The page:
He was. Ryan was really disciplined all year, until that second yellow. It was a card but the first yellow was definitely not a bookable offence. If it was any other player, would James Owens have pulled out a yellow card? I’m not so sure. It’s not sour grapes because there was no animosity or bitterness in that game or ever was between the Rebels and myself or the Dubs but I never felt it merited a sending off.

In lots of ways, that lack of edge and history between the sides suits Cork. They feel they can express themselves more. Then, when they beat you, they come along clap you on the back and say, ‘Ye nearly bate us boy, fair play to ye, ye’ve really improved. Next year could be yere year, boy’.

Dublin always had great games against Cork in my time. Beating them in Páirc Uí Chaoimh in 2011, which qualified us for the league final, was one of Dublin’s greatest days. They beat us another night under lights in Croke Park by one point in a highly competitive game. When we played them in a challenge game in Cashel last year, the scoreline was like something you’d see in a slot machine.

That lack of edge, and lack of rivalry, is the reason there are so many shootouts when the teams play. It was part of the reason Cork scored 0-34 when the sides met last month but Dublin stood five yards off their men. You might as well just go in and wave the flag for the umpire when you do that against Cork.

The match was flat but Dublin should be far more aggressive tomorrow. Dublin’s defence looked really solid against Limerick. Chris Crummy has really grown into the number six jersey. Conal Keaney is a huge presence beside him. Cian O’Callaghan has had a great league. I expect Dublin to be much more tigerish and it to be a far tighter game now and not the shootout of old. I fancy Dublin to win.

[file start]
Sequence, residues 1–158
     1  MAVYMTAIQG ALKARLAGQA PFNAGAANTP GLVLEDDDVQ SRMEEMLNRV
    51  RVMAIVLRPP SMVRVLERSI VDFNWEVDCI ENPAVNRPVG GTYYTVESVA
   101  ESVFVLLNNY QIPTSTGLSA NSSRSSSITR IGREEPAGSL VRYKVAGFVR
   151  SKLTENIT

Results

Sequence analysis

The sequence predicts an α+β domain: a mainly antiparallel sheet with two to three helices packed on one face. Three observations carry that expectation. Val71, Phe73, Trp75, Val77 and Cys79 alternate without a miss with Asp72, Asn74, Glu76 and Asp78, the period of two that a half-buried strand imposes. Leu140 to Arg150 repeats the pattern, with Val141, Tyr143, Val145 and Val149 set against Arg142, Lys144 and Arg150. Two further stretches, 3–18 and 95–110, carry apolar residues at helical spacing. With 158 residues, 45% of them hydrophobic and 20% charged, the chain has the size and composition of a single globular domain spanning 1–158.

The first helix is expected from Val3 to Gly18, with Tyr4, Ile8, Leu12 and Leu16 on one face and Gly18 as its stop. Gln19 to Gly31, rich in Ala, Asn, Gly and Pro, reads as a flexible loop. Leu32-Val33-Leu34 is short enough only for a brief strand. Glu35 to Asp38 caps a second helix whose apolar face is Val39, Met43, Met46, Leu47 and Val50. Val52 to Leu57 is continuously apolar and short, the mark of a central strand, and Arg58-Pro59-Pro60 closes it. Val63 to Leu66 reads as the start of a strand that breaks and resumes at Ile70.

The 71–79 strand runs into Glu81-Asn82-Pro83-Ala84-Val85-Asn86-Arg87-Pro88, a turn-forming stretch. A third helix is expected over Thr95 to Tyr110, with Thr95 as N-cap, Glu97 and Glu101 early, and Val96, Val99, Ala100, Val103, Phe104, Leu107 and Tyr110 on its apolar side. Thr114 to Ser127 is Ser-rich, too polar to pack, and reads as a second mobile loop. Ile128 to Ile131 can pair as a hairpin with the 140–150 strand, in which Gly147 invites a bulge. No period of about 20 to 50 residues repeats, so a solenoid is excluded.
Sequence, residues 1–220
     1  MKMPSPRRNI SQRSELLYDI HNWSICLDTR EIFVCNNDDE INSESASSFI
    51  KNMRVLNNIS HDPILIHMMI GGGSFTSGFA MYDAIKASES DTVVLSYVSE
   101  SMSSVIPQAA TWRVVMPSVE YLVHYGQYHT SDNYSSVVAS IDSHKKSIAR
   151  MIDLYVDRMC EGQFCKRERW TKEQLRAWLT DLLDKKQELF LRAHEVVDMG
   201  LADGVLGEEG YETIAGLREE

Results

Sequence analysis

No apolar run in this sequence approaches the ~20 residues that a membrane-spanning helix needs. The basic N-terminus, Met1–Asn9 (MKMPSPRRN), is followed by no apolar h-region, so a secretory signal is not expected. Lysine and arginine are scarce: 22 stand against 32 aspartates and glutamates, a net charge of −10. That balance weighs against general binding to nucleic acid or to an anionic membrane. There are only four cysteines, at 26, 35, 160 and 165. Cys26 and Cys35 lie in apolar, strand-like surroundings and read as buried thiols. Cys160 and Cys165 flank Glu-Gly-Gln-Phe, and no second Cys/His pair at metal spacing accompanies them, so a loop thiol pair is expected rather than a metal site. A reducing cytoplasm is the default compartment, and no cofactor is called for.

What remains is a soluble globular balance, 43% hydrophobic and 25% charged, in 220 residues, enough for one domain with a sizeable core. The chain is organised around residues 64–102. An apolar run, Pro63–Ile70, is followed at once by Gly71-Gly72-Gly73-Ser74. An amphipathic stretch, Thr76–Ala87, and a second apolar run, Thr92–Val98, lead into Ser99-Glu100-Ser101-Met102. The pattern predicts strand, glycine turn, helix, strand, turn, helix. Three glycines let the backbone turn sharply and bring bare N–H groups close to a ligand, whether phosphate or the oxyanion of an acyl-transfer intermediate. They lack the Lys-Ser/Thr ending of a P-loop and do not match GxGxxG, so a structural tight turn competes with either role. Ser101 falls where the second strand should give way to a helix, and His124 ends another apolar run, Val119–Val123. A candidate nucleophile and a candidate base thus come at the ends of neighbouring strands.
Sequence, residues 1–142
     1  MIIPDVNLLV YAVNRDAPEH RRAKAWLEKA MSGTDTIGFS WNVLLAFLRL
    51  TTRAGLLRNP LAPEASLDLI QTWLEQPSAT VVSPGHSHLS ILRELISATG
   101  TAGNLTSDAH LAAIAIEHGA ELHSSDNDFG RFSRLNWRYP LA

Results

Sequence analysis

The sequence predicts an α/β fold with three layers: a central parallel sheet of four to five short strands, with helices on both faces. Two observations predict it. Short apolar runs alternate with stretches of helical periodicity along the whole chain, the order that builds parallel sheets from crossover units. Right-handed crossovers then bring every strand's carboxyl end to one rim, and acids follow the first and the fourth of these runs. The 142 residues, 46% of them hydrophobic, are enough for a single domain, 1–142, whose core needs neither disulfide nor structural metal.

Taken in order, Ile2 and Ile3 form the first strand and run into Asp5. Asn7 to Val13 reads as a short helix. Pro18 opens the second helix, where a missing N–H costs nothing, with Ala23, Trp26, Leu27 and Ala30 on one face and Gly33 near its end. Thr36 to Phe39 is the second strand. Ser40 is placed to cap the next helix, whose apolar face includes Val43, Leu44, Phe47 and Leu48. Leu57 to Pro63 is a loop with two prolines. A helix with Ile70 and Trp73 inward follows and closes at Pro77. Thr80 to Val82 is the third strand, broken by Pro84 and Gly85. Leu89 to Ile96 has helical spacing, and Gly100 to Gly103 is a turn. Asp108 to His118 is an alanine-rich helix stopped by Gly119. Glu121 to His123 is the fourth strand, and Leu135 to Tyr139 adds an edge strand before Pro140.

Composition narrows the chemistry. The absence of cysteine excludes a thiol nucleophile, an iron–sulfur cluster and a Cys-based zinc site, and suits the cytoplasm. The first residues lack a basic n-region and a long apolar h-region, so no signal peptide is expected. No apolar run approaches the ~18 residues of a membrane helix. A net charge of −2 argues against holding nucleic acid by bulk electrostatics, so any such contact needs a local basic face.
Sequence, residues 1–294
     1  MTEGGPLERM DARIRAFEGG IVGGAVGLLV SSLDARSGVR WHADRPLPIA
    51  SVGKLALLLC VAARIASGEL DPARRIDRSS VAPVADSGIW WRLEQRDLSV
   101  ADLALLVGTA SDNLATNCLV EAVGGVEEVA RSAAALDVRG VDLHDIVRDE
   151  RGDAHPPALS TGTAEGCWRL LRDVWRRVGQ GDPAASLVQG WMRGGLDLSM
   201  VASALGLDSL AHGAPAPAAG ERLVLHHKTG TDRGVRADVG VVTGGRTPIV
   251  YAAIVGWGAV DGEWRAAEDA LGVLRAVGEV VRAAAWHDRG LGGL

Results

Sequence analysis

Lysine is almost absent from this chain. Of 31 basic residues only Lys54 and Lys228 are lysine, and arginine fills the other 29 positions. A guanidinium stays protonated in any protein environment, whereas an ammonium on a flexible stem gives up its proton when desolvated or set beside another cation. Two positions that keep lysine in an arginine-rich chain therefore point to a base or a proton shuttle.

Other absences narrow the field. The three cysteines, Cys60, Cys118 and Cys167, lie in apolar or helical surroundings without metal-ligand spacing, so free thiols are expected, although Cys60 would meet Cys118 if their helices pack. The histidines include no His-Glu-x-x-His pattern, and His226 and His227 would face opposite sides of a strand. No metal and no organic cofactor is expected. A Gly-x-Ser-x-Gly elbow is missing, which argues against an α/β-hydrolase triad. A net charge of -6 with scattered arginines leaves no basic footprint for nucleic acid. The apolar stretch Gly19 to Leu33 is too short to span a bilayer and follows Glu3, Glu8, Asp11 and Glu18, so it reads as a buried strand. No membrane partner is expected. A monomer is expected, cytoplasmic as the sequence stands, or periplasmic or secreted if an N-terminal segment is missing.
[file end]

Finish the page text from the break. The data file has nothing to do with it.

We’re all hurling fanatics but Noel McGrath’s plight during the week puts it all into perspective. When one of the best players in the game is struck down with testicular cancer at 24, it makes you appreciate what you have all the more. His health is priority above any result tomorrow.

You’d wonder where Tipp’s heads are at now but getting Seamus Callinan’s red card rescinded is a big plus in the context of such a tough week. Tipp are the best team in the country at the moment but the tighter confines of Nowlan Park will also suit Waterford’s style. The balance is tilted more in Waterford’s favour than initially expected but Tipp should still have enough long-range shooters to win.

On another sad note, I’m sure the passing of Dave Billings this week will be in the minds of many of the Dublin players tomorrow. I can still see him cycling across St Anne’s Park so often after training, offering me tidbits of information on whatever team we might be playing that Sunday. He would always delay the journey home to Clare by half an hour but it was always time enjoyably spent because he was great company.

If you were low after a defeat, you’d always get the text from Dave. ‘Keep the head up’. He was a great and genuine friend to so many people. Dave’s passing is a terrible loss, to his family, friends, and the GAA itself.